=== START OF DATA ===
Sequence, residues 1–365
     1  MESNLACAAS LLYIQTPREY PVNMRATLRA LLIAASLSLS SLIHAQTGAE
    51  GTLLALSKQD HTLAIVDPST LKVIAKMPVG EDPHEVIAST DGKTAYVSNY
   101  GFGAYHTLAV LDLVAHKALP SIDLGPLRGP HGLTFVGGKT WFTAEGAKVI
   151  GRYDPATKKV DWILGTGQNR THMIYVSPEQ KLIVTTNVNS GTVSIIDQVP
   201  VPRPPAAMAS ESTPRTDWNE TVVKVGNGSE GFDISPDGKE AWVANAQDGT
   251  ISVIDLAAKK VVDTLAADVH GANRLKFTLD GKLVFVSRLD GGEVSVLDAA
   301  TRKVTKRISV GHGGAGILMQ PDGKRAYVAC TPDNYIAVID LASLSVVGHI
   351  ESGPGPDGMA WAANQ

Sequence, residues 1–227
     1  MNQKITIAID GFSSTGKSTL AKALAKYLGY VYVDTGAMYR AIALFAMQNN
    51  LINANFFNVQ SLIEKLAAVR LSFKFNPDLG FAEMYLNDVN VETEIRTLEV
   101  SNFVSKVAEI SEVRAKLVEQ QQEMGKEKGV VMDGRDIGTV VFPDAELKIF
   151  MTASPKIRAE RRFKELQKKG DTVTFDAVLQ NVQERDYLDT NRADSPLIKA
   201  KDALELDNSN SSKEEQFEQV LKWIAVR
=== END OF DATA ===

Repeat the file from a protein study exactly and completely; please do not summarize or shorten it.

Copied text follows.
Sequence, residues 1–365
     1  MESNLACAAS LLYIQTPREY PVNMRATLRA LLIAASLSLS SLIHAQTGAE
    51  GTLLALSKQD HTLAIVDPST LKVIAKMPVG EDPHEVIAST DGKTAYVSNY
   101  GFGAYHTLAV LDLVAHKALP SIDLGPLRGP HGLTFVGGKT WFTAEGAKVI
   151  GRYDPATKKV DWILGTGQNR THMIYVSPEQ KLIVTTNVNS GTVSIIDQVP
   201  VPRPPAAMAS ESTPRTDWNE TVVKVGNGSE GFDISPDGKE AWVANAQDGT
   251  ISVIDLAAKK VVDTLAADVH GANRLKFTLD GKLVFVSRLD GGEVSVLDAA
   301  TRKVTKRISV GHGGAGILMQ PDGKRAYVAC TPDNYIAVID LASLSVVGHI
   351  ESGPGPDGMA WAANQ

Sequence, residues 1–227
     1  MNQKITIAID GFSSTGKSTL AKALAKYLGY VYVDTGAMYR AIALFAMQNN
    51  LINANFFNVQ SLIEKLAAVR LSFKFNPDLG FAEMYLNDVN VETEIRTLEV
   101  SNFVSKVAEI SEVRAKLVEQ QQEMGKEKGV VMDGRDIGTV VFPDAELKIF
   151  MTASPKIRAE RRFKELQKKG DTVTFDAVLQ NVQERDYLDT NRADSPLIKA
   201  KDALELDNSN SSKEEQFEQV LKWIAVR